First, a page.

and the pupils are greatly agitated from lack of confidence 
in themselves. 

Your Committee, in their quarterly examinations, during 
the summer, heard recitations which, for smoothness and 
thoroughness, far surpassed the performances of classes of 
the same grade at the late examination. These embarrass- 
ments would be obviated could the annual examination 
occur at the close of the Spring quarter. To such a change, 
your Committee can see no serious objection, and they would, 
therefore, recommend that, hereafter, the Aimual Examina- 
tion take place at that time. 


Your Committee felt it to be very important that they 
should have a correct standard by which to measure the at- 
tainments and progress of our schools, — neither too high nor 
too low. A recitation might not reach the expectation of 
the examiner, and yet be fully up to the average of acquire-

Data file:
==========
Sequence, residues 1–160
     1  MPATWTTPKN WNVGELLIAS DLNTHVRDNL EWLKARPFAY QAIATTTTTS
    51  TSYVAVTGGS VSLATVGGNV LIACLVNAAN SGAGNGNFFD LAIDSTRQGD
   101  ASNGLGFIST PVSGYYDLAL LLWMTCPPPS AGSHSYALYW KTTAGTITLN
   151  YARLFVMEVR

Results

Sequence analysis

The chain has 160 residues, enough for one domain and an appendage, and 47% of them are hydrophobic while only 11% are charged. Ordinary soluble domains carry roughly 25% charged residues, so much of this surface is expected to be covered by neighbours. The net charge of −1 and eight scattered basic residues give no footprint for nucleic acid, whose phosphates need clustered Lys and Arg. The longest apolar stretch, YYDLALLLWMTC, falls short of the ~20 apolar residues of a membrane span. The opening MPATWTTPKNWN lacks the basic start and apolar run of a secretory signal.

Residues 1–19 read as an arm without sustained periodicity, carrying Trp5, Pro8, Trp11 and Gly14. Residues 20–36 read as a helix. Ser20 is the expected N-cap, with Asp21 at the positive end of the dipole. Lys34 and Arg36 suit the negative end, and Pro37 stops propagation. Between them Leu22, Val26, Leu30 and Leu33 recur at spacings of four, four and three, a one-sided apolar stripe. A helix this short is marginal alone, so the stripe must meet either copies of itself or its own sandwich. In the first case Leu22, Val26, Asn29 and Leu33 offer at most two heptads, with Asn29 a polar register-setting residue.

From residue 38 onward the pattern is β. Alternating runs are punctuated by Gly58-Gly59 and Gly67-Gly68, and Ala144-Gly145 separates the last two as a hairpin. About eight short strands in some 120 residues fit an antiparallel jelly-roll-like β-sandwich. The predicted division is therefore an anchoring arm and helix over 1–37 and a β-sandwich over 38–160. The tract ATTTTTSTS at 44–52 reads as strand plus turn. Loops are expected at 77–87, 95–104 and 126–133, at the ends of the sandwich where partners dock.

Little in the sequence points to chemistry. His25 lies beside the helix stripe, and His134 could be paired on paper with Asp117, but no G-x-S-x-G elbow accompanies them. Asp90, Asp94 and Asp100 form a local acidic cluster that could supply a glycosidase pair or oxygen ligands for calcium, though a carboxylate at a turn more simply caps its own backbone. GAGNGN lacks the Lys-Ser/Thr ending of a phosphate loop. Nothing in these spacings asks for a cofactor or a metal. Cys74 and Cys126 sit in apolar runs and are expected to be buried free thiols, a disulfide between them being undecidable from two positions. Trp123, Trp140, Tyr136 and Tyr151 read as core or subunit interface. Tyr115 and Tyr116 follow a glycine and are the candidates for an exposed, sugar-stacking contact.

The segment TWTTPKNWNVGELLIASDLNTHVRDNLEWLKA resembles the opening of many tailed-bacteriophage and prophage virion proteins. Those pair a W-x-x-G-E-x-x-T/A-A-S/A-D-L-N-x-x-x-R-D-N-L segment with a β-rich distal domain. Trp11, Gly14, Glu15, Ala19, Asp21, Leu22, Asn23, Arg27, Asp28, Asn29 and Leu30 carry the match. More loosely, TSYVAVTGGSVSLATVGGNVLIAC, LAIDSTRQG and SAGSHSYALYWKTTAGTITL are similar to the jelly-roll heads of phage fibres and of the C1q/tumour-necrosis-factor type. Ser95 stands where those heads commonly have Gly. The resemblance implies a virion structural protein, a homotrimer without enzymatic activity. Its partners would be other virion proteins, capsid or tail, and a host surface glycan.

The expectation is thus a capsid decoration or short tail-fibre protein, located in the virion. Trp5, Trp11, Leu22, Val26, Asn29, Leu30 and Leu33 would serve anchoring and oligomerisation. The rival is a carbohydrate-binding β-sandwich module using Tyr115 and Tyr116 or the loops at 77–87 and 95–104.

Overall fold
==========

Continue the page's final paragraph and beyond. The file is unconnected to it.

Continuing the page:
ment among children of the same age in other schools. 
Your Committee, therefore, devoted several days to visiting 
schools of the same grade in Boston, that they might be bet- 
ter prepared to form a just judgment of the comparative pro- 
ficiency of our own. 

In order that the pupils might be generally measured by 
the same rule, instead of dividing the work, and visiting the 
different divisions individually, the Committee remained to- 
gether in the examination of the upper classes in both schools, 
and made up their judgment of the proficiency of the schol- 
ars, after mutual consultation. 

To secure, however, a proper division of labor, it was ar- 

ranged that one member of the Committee should give his 
special attention to the Reading, Spelling, Grammar, &c., 
another to Mathematics, and the third to Geography, and 
History. These several reports will appear in their place. 

It is proper to remark here, that teachers experience no 
small amount of embarrassment from the different courses 
pursued by Examining Committees. One year, the gentle- 
men holding this office, require a definite and thorough ac- 
' quaintance with the text-books, and even the very Avords of 
their authors — the examination, indeed, exhibiting only the 
strength and discipline of the child's memory. Another 
year, the text-book is laid aside, and the child's acquaintance 
with the principles involved in his year's progress is tested. 
To secure verbal accuracy, as demanded by the first course,